Published on Sep 7th, 2023 |

Risk Alert for Investment Advisers | SEC Releases

SEC Releases

Brief Introduction

The SEC Division of Examinations (“Division” or “EXAMS”) recently published a Risk Alert to give additional information about the Risk-Based Approach the Division takes for selecting Registered Investment Advisers (“RIAs”) to examine and which risk areas to focus on.

Additionally, the Risk Alert describes what information is typically requested during SEC Examinations.

How the Division selects RIAs to Examine

How the Division selects RIAs to Examine

  • The Division may be concerned:
    • About a Firm’s specific risks due to complaints, material events, tips.
    • Due to the history of disclosures and/or reviews of disclosure documents such as Form ADV and Form PF.
    • If prior Examinations found significant and repetitive deficiencies in Compliance Programs and Fee/Expense Procedures.
    • By Supervisory Issues including multiple disciplinary actions being taken towards associated individuals.
    • With business activity by the Firm or personnel that could create conflicts of interest.
    • By indicators that the adviser could be vulnerable to market or financial stress.
    • From public news or media releases that could involve or impact the Firm.
    • If the Firm has access to assets and/or certain gatekeeper or service provider compliance risk.
  • The SEC also considers its annual priorities and considers which advisers provide services or recommended products that fall under those topics.
    • Examinations can help the Division understand how Firms are responding to changes in regulatory requirements.
  • Firms may be selected based on the length of time since registration or last Examination, or if any material changes have been made in leadership.

Focus Areas Selected During Examinations

Focus Areas Selected During Examinations

  • The scope of the Examination and documents requested will vary based on the Firm’s business model, risks, and reason for Examination.
  • Typical areas of review include advisers’:
    • Disclosures.
    • Operations.
    • Conflicts of Interest.
    • Compliance Practices.
  • Core Compliance Practices examined include (but are not limited to):
    • Custody and Safekeeping of Client Assets.
    • Valuation.
    • Portfolio Management.
    • Fees and Expenses.
    • Brokerage and Best Execution.

Common SEC Request List Items

Common SEC Request List Items

  • General information about Business and Investment Activities
    • Organizational Information
      • Organizational Structure, Affiliations, and Control Persons.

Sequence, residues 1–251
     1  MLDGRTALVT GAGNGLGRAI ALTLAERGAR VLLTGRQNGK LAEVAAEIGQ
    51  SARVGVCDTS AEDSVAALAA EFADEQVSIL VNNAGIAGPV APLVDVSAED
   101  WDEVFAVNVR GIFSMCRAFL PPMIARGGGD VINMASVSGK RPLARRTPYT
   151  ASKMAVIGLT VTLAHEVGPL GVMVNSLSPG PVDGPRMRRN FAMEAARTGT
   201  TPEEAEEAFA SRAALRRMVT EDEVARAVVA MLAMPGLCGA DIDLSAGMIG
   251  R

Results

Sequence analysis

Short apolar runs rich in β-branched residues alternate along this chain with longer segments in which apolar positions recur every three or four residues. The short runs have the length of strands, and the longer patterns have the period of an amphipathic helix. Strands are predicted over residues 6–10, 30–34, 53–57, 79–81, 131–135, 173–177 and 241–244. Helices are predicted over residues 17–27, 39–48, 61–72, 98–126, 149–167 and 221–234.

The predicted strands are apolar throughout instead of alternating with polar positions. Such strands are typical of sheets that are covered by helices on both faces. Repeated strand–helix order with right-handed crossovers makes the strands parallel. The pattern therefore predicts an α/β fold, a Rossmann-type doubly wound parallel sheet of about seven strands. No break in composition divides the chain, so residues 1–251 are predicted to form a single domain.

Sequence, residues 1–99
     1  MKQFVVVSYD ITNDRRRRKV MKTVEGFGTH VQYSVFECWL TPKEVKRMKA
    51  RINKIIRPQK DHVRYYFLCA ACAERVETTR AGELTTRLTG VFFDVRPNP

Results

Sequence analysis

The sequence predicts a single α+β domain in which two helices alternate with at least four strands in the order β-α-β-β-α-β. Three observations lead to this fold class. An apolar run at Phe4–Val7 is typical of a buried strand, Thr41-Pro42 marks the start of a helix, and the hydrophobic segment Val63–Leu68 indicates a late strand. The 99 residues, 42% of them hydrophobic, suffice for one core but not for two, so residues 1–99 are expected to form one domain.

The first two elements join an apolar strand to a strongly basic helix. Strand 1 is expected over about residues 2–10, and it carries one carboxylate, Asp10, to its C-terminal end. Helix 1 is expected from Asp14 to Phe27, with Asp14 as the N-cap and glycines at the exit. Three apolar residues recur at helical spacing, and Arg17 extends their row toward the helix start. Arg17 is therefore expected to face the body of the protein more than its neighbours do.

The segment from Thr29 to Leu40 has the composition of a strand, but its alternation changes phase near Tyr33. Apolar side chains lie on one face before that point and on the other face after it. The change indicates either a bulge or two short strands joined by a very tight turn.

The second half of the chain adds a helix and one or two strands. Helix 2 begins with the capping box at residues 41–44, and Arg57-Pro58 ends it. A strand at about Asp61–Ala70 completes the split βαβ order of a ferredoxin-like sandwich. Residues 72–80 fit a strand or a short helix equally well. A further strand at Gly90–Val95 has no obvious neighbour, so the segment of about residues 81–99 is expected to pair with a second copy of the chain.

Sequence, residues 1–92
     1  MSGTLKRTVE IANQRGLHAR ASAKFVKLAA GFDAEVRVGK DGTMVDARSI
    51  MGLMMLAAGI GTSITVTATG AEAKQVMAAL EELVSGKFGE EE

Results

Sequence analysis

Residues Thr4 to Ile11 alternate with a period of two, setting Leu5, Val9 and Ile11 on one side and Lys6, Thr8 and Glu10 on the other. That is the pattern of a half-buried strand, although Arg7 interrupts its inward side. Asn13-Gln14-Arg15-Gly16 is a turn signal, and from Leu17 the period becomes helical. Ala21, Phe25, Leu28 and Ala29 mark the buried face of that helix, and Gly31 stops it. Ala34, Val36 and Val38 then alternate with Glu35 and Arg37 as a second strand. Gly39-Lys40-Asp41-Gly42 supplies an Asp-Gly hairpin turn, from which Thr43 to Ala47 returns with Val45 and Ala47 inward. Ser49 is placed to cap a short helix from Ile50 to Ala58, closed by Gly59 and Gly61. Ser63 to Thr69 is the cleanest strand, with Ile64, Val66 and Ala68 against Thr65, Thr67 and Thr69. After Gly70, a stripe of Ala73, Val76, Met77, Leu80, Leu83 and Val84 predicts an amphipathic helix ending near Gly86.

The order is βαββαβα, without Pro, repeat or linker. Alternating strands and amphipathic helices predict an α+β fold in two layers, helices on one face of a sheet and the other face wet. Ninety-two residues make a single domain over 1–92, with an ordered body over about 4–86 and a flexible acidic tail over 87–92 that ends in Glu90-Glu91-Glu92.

• Remote Offices and Branch Locations.
      • Joint Ventures or other businesses (including those with respect to the Firm or any Officer, Director, Portfolio Manager, or Trader).
      • Current and Former Supervised Persons, Officers, and/or Directors.
    • Business Operations
      • Committees.
      • Client Advisory Contracts or Agreements.
      • Agreements and arrangements with Third Parties associated with the Management of Client Accounts.
      • Fees and Payments for services rendered.
      • Power of Attorney obtained from clients.
      • Service Providers and the services they perform.
    • Disclosures Documents and Filings with Regulators
    • Legal and Disciplinary
      • Threatened, pending, and settled Litigation, Arbitration, or Administrative Proceeding involving the adviser or any supervised person.
      • Remedial Actions taken against supervised persons.
    • Compliance risks the adviser has identified and the written Policies and Procedures to mitigate these risks.
      • Compliance Oversight Process
        • Compliance Policies and Procedures in effect during the Examination period.
        • Tests Performed, such as:
          • Compliance Reviews.
          • Quality Control Analyses.
          • Surveillance.
          • Forensic or Transactional Tests performed by the Firm.
        • Compliance Consultant Reports resulting from a review of Compliance Policies and Procedures, Operations, or Books and Records.
        • Annual and/or Interim Reviews of Policies and Procedures, including any reports prepared.
        • Record of Compliance Exceptions.
        • Remote Office and/or Independent Advisory Contractor Oversight Process.
        • Client Complaints and correspondence and the process for monitoring such communications, including Electronic Communication.
        • Inventory of Compliance risks and Conflicts of Interest that forms the basis for Policies and Procedures and notations regarding changes made to the inventory.
        • Written Guidance and Training provided to employees regarding Compliance Program and documentation of attendance.
      • Valuation
        • Valuation Process.
        • Pricing Services, Quotation Services, and Externally Acquired Portfolio Accounting Systems.
        • Used in the Valuation Process and Payment Information.
        • Fair-Valued and Illiquid Securities held by clients.
        • Advisory Fee Calculations.
        • Pricing Overrides.
      • Information Processing, Reporting, and Protection
        • Safeguards for the Protection of Customer Records and Information.